Most Important Core Exercise to Do After Having a Baby

Engage your Transverse Abdominis

After having a baby, many women are excited to get back to their pre-baby workout routine. Whether it’s yoga, running or barre class, we want to teach you guys the number one exercise that you should do after having a baby BEFORE you do anything else.

Regardless of whether you have a C-section or vaginal delivery, this is the single most important exercise to master before you start working out.

The deepest layer of your abdominal muscles is called the Transverse Abdominis. This muscle group is so important because it stabilizes your pelvis, low back, plays a role in decreasing incontinence and also can help stabilize and close a Diastasis Recti.

There can be a lot of different ways to use your other muscles to compensate during this exercise, so if you feel like you are compensating, it’s important to have your transverse abdominis strength evaluated by a professional.

To learn how to do the single most important core exercise, check out the video below featuring Hina and Elayne or read the steps below:


1.Get into good pelvic alignment. To do that, place one hand on your pubic bone and the other on your sternum. Make sure your pelvic bone and sternum are flat, meaning they aren’t tilted too far forward or back. Adjust by rocking your pelvis backward or forward to get it to a straight line. Once you have that, remove your hands and keep that posture.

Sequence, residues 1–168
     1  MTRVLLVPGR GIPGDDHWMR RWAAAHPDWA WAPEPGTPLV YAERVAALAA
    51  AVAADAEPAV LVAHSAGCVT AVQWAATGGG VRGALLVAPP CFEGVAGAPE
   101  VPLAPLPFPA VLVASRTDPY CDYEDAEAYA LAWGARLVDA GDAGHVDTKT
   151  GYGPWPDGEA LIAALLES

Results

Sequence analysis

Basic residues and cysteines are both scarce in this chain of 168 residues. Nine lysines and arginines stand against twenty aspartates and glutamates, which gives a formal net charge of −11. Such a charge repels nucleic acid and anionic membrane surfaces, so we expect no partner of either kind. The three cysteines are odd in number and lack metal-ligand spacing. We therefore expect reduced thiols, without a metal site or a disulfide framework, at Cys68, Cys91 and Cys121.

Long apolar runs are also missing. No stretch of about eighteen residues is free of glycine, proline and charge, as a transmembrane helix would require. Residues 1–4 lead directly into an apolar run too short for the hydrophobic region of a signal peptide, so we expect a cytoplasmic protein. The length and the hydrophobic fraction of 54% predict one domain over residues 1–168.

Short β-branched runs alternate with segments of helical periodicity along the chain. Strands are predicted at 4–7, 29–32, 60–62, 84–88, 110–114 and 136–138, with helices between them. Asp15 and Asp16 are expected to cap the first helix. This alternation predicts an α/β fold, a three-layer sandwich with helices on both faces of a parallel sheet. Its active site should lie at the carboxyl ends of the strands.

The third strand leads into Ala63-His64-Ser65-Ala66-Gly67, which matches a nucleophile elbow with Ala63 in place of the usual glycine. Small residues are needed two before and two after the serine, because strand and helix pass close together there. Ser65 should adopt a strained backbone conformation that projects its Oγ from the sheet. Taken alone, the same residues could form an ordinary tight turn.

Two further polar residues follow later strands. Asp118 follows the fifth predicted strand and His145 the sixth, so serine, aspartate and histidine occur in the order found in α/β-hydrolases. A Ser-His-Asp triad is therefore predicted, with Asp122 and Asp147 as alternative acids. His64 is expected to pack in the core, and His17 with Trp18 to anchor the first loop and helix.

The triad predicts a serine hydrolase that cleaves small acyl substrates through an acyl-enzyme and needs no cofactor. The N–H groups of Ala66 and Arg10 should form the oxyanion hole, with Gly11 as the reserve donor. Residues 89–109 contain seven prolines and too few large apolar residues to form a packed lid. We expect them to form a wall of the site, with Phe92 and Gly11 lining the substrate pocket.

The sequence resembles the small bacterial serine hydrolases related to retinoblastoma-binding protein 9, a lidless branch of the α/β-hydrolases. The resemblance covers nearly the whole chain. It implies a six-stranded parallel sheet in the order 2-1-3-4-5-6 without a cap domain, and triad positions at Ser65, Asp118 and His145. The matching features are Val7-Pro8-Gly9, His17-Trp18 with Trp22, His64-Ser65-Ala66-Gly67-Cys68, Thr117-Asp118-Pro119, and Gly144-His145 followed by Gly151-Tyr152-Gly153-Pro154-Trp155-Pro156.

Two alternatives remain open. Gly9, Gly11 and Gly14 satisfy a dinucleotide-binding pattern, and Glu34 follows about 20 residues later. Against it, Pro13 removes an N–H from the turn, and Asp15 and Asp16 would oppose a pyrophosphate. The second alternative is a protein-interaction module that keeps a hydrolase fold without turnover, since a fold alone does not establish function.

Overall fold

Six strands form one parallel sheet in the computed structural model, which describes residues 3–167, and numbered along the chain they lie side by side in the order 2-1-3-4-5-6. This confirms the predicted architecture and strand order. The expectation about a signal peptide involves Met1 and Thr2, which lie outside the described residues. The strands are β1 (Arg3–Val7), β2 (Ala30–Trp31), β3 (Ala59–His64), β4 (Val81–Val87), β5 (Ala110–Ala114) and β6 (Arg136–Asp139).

2. Place your hands an inch above and an inch in from the two pelvic bones you feel on your pelvis. You should be on the area of your Transverse Abdominis.

3. Take a deep breath in and a deep breath out and make a “shhhh” sound on the way out. As you do, you should feel a tensioning underneath your fingers that feels like saran wrap going over a bowl. That means you’ve engaged your Transverse Abdominis. If you feel a bulging and it doesn’t feel like saran wrap, that means you’re compensating with your other musculature.

4. After you find your Transverse Abdominis muscles, repeat and when you feel that tensioning, stop and maintain the contraction for about 10 seconds as you breathe normally in and out. You want to work your way up to doing it 10 times and holding for 10 seconds. You can do this 2-3 times per day.

5. After you get comfortable doing this laying down, you can try it in different positions, such as sitting, standing or on all fours.

6. Once you’ve mastered this action, incorporate it into all your other workouts. Before you do any type of movement, you want to engage these muscles just to that little amount.

Not sure if you’re doing it right?

Contact us at rebalance at 267-282-1301 to set up a complimentary Discovery Visit!

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